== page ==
Wednesday, April 24, 2013
Mom, Mama, Ma, Mommy
“Mom,” “ Mama,” “ Ma,” “ Mommy” or whatever your parental name may be (sometimes in desperation your child will scream out your given name), God bless you! I am convinced that being a mom is the hardest and, at the same time, the most wonderful work there is. I am now on the other side of parenting -- grand parenting. Oh, how I have laughed and prayed for my children as they parent their children when they ask such questions as “Did I do that?” “Did I have a temper?” “How do I handle…..?”
My husband and I prayed over and for our children constantly. Every morning before school, we would plead the blood of Jesus over them and pray for a hedge of protection around them. We prayed early on for their spouses and, of course, for their salvation. You can never begin too early – even in the womb. We have two beautiful daughters; everything about them is different--their personalities, height, hair, career choices and on I could go—so we had to learn two sets of parenting skills. Only once did we have to explain to them the difference in their disciplines. We told them that we had to figure out what worked best for both of them; that was the end of that discussion.
Our first daughter was determined, loved to please, obedient, very analytical, petite and beautiful. Discipline for her meant spankings when she was small, and from the pre-teen years forward, we would take away privileges. The joke at our house was always, “What are you going to ground us from? We can’t do anything anyway.” We had to be very deliberate and consistent. In one instance, she said, “You just want to control my life,” to which I replied, “That’s my job and will be until your last name changes.” I had to put my hands deep into my pockets to keep from doing something I would later regret. Measure your actions; it could be a defining moment in your relationships with your children.
Our second daughter was shy, tenderhearted, easily embarrassed and didn’t like getting attention. That posed a real problem because she is very tall and beautiful. She was also spanked, but most of the time, a very firm talking would do the trick. She would just break down and sob. Once, she went to the lake with another family and didn’t return in time for church. That wasn’t the issue itself: she knew we expected her to be back in time. She cried most of the way back, so no serious discipline was necessary; however, there were no more trips to the lake.
We were always honest with our children: when my husband and I made mistakes, we asked for forgiveness and moved on. We would quote Numbers 32:23: “Be sure that your sin will find you out.” On separate occasions, they each learned the truth of this scripture. They did things that they knew they weren’t supposed to and were “caught.” Even though Mom and Dad don’t see everything, God still does. We had given them over to the Lord early in their lives and asked Him to protect them and at the same time uncover things in their lives that we needed to know. This was not so they would be embarrassed but so that they would be protected from the things of this world.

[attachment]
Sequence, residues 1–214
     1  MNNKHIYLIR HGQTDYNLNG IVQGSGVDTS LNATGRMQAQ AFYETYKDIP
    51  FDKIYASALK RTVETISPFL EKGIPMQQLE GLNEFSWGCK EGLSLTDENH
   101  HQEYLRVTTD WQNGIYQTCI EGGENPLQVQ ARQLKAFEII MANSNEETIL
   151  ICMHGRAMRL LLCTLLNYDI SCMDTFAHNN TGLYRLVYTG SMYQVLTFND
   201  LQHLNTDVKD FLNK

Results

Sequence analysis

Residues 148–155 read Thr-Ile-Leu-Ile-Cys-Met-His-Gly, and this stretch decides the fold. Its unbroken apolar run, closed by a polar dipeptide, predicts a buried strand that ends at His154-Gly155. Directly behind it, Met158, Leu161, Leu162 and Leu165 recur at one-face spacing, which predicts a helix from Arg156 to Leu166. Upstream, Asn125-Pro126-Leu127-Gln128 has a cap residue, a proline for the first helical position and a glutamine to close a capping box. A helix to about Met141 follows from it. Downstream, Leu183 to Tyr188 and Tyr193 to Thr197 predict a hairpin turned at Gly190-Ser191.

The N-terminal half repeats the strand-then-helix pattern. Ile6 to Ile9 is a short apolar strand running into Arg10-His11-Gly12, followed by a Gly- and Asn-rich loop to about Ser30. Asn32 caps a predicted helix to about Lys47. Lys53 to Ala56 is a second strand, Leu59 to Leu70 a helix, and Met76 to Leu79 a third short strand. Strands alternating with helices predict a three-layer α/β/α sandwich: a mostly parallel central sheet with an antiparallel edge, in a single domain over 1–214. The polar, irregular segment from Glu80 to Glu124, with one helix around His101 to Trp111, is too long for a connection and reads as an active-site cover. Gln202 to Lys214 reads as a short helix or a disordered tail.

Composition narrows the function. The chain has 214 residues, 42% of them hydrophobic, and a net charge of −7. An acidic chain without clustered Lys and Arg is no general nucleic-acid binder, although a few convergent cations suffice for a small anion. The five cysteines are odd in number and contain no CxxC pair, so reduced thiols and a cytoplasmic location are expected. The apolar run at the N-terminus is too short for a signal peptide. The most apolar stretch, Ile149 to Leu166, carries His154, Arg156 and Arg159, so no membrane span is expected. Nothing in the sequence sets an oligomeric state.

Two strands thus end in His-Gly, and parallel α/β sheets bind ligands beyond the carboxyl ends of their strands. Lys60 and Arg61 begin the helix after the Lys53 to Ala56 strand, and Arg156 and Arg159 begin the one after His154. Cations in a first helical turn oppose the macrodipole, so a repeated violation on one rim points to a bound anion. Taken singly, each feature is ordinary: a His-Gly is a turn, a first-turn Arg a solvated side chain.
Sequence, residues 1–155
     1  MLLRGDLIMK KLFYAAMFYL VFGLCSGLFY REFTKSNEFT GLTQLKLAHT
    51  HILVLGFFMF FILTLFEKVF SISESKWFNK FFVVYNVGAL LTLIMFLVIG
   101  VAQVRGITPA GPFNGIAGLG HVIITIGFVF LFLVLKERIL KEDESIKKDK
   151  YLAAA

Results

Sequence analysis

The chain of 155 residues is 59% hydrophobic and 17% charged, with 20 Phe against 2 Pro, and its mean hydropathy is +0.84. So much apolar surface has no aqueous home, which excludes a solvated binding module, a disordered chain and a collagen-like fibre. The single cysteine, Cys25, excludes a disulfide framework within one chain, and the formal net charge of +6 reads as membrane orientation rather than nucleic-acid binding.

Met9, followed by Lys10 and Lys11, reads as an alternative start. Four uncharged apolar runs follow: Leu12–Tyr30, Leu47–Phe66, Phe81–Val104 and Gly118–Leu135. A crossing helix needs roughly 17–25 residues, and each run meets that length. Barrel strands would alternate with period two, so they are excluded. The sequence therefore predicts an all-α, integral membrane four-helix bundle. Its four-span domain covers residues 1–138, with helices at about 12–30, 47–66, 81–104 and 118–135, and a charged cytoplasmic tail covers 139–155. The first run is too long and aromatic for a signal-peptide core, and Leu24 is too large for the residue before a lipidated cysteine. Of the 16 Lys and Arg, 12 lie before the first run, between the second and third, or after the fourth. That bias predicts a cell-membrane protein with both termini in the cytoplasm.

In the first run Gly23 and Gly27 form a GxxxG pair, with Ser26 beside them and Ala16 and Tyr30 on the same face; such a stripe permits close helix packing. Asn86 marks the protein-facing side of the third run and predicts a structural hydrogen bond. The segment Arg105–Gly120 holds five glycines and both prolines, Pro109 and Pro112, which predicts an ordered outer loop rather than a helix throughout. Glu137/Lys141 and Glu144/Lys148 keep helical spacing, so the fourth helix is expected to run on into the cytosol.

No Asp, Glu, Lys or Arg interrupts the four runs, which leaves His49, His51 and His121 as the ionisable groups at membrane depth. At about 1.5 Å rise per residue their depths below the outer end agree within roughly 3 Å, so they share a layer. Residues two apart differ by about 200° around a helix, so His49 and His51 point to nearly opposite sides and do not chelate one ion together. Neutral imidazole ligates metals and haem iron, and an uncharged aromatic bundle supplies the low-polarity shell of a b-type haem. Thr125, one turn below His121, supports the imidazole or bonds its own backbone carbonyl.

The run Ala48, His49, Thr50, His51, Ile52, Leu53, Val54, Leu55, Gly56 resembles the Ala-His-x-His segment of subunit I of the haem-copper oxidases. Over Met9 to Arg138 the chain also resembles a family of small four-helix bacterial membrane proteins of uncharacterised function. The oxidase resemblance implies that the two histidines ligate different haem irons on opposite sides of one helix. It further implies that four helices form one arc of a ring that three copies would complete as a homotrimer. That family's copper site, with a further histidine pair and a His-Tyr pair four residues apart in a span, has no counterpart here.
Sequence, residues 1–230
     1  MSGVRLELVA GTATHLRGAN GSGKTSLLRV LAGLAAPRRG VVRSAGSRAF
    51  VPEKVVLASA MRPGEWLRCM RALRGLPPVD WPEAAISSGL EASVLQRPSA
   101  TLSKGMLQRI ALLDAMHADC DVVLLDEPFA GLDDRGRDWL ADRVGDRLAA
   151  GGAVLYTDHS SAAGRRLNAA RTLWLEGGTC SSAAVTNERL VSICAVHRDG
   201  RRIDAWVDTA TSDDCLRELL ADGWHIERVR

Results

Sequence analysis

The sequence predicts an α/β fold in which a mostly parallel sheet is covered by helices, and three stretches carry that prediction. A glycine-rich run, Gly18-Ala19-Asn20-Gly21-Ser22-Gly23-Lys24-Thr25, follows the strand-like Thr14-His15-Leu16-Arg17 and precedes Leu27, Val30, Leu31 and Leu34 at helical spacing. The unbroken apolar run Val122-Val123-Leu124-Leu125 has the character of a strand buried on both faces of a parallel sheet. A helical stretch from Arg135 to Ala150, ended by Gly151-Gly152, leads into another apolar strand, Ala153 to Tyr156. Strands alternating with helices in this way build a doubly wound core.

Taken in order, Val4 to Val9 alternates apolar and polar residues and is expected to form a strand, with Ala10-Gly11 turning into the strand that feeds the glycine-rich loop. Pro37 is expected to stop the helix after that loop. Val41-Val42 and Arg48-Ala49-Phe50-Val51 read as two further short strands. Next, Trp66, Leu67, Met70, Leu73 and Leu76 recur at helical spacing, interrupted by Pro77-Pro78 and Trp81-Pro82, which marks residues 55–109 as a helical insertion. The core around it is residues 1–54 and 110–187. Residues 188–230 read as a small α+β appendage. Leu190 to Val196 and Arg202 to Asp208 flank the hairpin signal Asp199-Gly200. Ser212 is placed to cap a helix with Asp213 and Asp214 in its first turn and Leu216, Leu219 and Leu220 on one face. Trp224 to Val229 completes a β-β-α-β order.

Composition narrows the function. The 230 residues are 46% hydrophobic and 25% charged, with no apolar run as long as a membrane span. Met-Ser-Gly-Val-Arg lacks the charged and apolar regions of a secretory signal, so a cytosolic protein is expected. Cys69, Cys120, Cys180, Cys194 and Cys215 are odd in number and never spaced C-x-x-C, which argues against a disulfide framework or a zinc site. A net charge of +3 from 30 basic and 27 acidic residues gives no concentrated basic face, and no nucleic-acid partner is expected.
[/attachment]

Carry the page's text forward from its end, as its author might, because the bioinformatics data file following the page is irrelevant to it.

Middle school age is tough, and I am convinced that some of those kids don’t know if they’re coming, going or have already been. This is a time when you have to stay consistent in discipline and choose your battles wisely. There is so much confusion in their bodies and minds that you just have to try to understand them. Ask questions, get details about trips with others. Don’t be afraid to be the “mean parent” and just say, “No.”
High school is difficult, and we found the senior year to be extremely so. They think they are all grown up because for the first time they are making big life decisions, such as college, career choices, etc. Everyone else has your child’s attention, and you are just the “dumb parent.” Don’t compromise; stay consistent!
Discernment is critical during those years; trust the Lord with what He has shown you. One morning we were getting ready for school, and I asked our daughter a question on a spiritual matter. She answered me, and I explained that the Lord would not let me alone about it, so I had to ask. I said, “What kind of mom would I be if I didn’t ask?” She said, “Just like the other moms.” Wow, such wisdom and blessing in a sentence! So go ahead and embarrass yourself from time to time; it will pay off.
Today, we have a different kind of relationship: we can have coffee, lunch, just go places and be friends. I am still the mom, but we can enjoy life together. We were in a store recently with just one grandchild, and the clerk struck up a conversation about the Lord. She made the comment that we must be a family of believers! I said, “Yes, Ma’am--three generations taught of the Lord.” At that moment, I could not have been more blessed, not by my parenting skills but of the faithfulness of the Lord.